Elaine Fuchs pioneered the field of reverse genetics—studying proteins and learning what they do, and how they do it, in order to identify the genetic disease they cause when they malfunction. She has become internationally known for her work in skin biology, deciphering the characteristics of skin stem cells to explain why some develop into skin and others into hair. Understanding skin stem cells’ normal behavior is also helping Fuchs learn what happens when their growth goes awry, such as in skin cancers.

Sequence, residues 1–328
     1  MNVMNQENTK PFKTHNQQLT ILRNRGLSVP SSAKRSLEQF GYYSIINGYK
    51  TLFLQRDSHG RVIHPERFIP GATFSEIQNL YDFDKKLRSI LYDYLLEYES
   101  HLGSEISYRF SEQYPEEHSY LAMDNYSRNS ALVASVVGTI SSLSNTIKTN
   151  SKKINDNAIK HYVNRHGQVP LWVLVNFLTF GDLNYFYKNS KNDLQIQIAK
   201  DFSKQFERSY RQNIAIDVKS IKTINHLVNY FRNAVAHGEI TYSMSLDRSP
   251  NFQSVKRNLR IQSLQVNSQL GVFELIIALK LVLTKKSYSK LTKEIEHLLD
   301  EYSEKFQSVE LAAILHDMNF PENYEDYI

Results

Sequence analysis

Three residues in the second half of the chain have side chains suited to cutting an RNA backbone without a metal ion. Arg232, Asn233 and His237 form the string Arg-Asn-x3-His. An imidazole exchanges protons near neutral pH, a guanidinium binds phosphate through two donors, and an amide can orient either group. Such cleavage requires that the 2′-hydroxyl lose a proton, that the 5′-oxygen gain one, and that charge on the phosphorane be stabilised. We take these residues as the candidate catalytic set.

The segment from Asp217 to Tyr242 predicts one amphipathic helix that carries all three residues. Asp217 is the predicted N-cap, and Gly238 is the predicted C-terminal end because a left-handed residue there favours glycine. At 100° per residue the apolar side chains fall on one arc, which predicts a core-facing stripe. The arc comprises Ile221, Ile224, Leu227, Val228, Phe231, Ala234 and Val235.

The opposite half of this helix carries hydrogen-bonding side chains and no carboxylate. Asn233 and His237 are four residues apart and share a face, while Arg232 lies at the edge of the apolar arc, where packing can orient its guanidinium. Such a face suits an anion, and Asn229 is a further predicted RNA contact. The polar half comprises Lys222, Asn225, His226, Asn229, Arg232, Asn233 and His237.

Now a professor of mammalian skin biology and development at The Rockefeller University and an investigator at the Howard Hughes Medical Institute, Fuchs received her Ph.D. in biochemistry from Princeton University. In 1980, when she joined the biochemistry faculty at the University of Chicago, she was the first woman in the department. Her many awards and honors include the Richard Lounsbery Award from the National Academy of Sciences, the National Medal of Science, and the March of Dimes Prize. She was named one of the Nation’s Outstanding Scientists by the White House in 1985 and holds honorary doctorates from the University of Illinois and the Mount Sinai and New York University Medical Schools.